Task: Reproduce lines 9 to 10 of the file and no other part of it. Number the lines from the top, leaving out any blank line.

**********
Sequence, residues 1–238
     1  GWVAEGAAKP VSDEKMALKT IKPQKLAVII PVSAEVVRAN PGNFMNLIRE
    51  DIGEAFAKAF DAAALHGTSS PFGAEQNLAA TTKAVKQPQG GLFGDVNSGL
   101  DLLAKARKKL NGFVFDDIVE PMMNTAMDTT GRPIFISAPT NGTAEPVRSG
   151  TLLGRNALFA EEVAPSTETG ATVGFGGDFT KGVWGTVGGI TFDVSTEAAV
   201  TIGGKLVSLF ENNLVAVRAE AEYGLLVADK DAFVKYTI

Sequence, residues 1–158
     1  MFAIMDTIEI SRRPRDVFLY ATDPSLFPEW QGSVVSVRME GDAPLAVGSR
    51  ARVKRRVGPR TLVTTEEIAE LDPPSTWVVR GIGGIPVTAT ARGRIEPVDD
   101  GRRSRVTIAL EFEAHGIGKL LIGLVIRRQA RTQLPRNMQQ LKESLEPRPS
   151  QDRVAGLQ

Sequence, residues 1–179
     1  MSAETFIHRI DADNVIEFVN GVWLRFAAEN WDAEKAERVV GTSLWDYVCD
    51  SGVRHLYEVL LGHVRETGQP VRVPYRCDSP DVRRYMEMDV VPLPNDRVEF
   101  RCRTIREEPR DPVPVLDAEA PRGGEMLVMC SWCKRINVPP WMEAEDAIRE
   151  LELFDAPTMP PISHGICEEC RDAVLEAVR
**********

    51  ARVKRRVGPR TLVTTEEIAE LDPPSTWVVR GIGGIPVTAT ARGRIEPVDD
   101  GRRSRVTIAL EFEAHGIGKL LIGLVIRRQA RTQLPRNMQQ LKESLEPRPS